• Bla bla bla something something cars: From its humble beginnings as an online hitchhiking platform to becoming a unicorn with a penchant for hoarding millions and dabbling in buses, BlaBlaCar has had quite the ride. Now armed with a $108 million credit line and a newfound taste for profitability, it’s on a shopping spree for smaller companies.

Other unmissable TechCrunch stories …

Every week, there’s always a few stories I want to share with you that somehow don’t fit into the categories above. It’d be a shame if you missed ’em, so here’s a random grab bag of goodies for ya:

  • No account required: OpenAI, in a move that screams “data is the new gold,” is now letting anyone chat with ChatGPT without an account, ensuring that even your grandma’s queries about knitting patterns can help train their AI, all while vaguely hinting at “more restrictive content policies” that are as clear as mud.
  • Just bumblin’ along: Bumble, once the belle of the IPO ball, now finds itself grappling with the modern dating dilemma of being ghosted by users for TikTok love stories. New CEO Lidiane Jones is on a mission to rekindle the flame by rethinking the women’s first-move mantra and flirting with AI, all while trying to make dating fun again without really changing the swipe-right culture.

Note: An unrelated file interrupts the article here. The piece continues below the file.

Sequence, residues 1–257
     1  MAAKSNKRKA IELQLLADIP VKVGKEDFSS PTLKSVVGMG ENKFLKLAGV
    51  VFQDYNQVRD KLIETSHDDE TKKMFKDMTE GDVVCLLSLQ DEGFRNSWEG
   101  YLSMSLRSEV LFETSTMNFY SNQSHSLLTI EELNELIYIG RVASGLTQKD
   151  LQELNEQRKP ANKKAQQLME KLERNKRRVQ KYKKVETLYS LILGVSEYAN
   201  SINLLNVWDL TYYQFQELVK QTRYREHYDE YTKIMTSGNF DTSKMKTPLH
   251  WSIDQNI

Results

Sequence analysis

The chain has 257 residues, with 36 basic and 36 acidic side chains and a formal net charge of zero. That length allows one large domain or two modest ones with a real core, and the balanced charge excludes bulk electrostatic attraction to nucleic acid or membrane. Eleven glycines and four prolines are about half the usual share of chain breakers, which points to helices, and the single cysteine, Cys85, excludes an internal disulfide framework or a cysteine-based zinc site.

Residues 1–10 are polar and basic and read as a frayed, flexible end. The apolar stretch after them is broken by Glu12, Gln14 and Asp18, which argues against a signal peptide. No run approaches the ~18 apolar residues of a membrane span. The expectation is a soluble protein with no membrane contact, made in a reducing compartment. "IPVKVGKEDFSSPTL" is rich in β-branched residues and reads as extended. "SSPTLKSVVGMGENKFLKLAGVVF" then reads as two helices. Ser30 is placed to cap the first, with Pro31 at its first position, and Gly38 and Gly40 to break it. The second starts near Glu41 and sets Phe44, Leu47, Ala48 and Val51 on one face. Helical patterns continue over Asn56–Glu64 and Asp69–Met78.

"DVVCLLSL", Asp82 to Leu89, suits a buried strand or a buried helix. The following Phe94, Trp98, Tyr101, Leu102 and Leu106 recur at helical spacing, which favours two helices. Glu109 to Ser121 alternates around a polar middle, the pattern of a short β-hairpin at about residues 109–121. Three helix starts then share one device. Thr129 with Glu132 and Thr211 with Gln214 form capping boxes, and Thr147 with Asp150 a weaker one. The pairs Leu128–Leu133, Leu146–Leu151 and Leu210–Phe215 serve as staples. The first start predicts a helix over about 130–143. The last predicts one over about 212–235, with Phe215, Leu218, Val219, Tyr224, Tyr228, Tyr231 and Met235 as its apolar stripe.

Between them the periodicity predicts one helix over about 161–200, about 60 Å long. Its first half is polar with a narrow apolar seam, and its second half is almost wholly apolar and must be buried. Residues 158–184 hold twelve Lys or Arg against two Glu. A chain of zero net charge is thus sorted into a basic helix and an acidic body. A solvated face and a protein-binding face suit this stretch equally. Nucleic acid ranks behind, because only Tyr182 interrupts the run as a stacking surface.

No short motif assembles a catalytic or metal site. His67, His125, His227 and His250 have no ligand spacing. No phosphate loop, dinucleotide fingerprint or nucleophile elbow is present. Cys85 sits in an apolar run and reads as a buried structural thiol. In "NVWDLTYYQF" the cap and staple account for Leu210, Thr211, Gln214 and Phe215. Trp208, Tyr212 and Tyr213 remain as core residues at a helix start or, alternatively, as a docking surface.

• Hey, that’s a good impression of me: OpenAI is basically saying “hold my beer” as it dives headfirst into the ethical quagmire of voice cloning with its new Voice Engine. The company insists it’s all about responsible innovation while simultaneously opening Pandora’s box to see how it can be used and abused. We can’t think of a single downside.… </sarcasm>
  • B nixes AI: Beyoncé’s “Cowboy Carter” has been out for only a few days. But in the middle of the press release for “Cowboy Carter,” the singer made an unexpected statement against the growing presence of AI in music.

Software Development in Sri Lanka

Robotic Automations

Startups Weekly: So are we all working from home now? | TechCrunch

Welcome to Startups Weekly — your weekly recap of everything you can’t miss from the world of startups. Sign up here to get it in your inbox every Friday.